Amy Tan visit caps Pioneer Library System's Big Read event in Norman

Author Amy Tan spoke about her book “The Joy Luck Club” at an appearance Friday in Norman that served as the finale for this year's Big Read event.
BY ANNETTE PRICE Published: May 1, 2012

— Author Amy Tan, during an appearance in Norman that capped this year's Big Read event, poked fun at her notoriety and encouraged others to observe the world around them.

“I didn't do well on my SATs when I was applying to go to college. On the verbal portion, I got in the 400s, if you can believe that,” Tan said.

“Later in life, I discovered that I was an advanced placement question on the SAT. I think they use some essay of mine, and people have to write about it. So that was a big honor — kind of an ironic honor.”

Tan spoke to about 350 people Friday at the Sam Noble Oklahoma Museum of Natural History. Her appearance was sponsored by the Pioneer Library System in conjunction with the Big Read. Tan wrote this year's selection, “The Joy Luck Club,” a collection of vignettes about the complicated relationships between Chinese mothers and their daughters.

Hui Cao, a University of Oklahoma student who moved to Norman from China in July to major in instructional psychology and technology, was the first in line to get her book signed after Tan's speech.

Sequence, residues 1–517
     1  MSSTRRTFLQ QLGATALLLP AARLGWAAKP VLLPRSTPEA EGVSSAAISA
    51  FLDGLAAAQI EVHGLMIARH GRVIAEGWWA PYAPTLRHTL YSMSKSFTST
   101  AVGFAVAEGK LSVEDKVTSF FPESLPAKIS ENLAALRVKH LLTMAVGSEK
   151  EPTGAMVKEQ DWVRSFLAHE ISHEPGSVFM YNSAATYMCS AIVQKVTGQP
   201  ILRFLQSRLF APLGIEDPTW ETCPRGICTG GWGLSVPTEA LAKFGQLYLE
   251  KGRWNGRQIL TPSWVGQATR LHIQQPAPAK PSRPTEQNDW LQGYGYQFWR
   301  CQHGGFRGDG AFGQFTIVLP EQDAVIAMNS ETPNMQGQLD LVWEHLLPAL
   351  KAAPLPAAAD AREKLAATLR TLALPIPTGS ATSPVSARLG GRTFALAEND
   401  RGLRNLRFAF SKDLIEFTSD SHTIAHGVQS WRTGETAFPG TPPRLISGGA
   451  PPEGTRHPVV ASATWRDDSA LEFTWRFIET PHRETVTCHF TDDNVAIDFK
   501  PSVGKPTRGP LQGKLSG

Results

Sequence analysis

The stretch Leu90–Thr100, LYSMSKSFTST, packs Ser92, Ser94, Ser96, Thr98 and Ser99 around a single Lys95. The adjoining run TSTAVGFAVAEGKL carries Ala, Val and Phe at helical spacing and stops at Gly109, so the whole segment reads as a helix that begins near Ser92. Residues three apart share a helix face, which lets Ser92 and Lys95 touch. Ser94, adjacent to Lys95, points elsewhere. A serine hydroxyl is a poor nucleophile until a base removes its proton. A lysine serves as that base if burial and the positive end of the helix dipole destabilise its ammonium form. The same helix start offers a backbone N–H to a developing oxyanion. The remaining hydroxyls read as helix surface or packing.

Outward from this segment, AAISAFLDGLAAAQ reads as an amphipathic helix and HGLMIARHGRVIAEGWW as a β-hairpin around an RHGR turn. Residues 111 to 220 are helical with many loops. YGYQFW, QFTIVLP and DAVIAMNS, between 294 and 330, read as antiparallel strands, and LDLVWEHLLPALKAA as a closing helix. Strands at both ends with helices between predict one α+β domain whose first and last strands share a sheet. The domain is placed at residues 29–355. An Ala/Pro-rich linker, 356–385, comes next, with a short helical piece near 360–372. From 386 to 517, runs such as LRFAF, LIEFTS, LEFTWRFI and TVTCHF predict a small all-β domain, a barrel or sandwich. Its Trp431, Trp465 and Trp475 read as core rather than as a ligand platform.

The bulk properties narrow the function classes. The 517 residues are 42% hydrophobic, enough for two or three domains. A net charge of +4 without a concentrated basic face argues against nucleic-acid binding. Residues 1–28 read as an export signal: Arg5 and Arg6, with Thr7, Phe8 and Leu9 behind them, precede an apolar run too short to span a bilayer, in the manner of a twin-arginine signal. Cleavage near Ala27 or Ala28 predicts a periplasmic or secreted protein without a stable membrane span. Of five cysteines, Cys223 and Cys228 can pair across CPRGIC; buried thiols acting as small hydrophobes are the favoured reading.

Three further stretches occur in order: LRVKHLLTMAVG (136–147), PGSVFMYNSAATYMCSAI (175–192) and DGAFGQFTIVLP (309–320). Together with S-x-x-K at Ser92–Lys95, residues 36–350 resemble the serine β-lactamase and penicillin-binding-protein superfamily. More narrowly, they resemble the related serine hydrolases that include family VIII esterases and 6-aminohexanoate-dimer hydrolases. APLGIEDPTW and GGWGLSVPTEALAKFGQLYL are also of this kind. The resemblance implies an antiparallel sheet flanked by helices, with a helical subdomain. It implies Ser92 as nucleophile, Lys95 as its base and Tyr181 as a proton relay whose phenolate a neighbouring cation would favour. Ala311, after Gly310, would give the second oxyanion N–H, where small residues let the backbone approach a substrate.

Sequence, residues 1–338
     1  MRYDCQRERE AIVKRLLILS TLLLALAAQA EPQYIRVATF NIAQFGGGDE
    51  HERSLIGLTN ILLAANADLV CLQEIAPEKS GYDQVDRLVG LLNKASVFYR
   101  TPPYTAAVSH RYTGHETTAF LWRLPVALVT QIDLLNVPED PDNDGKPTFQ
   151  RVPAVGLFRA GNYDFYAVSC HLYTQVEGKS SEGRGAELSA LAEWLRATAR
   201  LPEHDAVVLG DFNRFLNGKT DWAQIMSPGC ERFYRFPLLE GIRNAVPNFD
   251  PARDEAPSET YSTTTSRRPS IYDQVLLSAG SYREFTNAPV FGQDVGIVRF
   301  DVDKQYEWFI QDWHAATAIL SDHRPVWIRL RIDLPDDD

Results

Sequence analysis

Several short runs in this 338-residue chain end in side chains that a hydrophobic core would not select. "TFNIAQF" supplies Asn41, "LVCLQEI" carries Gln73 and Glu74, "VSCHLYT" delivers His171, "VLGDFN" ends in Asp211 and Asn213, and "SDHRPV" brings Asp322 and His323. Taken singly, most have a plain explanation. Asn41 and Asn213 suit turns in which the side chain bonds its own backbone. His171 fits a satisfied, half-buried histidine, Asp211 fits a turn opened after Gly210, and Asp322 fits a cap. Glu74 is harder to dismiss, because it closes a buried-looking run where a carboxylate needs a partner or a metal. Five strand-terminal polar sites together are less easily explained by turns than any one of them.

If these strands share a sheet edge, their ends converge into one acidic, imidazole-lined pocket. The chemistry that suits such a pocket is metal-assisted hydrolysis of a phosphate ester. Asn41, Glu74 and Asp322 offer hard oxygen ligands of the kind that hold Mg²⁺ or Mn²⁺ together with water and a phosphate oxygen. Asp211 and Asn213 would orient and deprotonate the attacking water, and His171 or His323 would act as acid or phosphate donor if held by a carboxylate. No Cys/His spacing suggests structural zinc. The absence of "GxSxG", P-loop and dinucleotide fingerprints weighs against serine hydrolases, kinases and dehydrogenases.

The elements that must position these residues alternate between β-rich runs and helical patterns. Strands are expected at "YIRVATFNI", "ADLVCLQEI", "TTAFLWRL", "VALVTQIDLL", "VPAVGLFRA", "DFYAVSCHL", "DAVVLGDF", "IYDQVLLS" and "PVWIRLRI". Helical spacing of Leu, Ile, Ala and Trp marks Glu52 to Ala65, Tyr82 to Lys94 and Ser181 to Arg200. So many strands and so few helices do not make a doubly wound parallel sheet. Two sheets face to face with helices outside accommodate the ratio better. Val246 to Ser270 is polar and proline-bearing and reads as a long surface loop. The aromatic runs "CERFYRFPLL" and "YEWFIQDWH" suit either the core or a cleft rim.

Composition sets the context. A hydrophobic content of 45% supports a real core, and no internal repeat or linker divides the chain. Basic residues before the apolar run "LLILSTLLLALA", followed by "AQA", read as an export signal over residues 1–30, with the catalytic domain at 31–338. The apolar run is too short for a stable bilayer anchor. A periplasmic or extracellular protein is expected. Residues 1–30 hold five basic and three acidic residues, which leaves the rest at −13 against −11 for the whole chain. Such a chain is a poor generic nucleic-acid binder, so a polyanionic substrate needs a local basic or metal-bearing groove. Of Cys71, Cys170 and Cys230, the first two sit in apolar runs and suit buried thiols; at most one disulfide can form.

“This is very, very vivid pictures, not only of the women, but also the history of China. She has the women's perspective,” Cao said.

Tan shared details of her life growing up in the United States, Holland, Germany and Switzerland. She teared up as she recounted a final conversation with her mother before she died.

“As I write, I'm thinking of all these things that happened and the emotions, and what writing is about is feeling deeply. And what observing the world is about is seeing and feeling deeply, and as I continue to see and look more closely, I keep finding more secrets of my family,” Tan said.

“All these things that are the meaning of my life have always been there in front of me, and if only I spent the time to look at it a lot more closely,” Tan said.

“The Joy Luck Club” tells the story of four Chinese women in 1949 — drawn together by the shadow of their past — who begin meeting in San Francisco to play mah-jongg, invest in stocks, eat dim sum and tell stories. They call their gathering the Joy Luck Club.

Sharing the joy

Sandra Dansby attended the free event with her friend Jamie Hubbard. Both Norman women read “The Joy Luck Club” for their book club as part of the Big Read and recommend it for mothers and daughters to read together.

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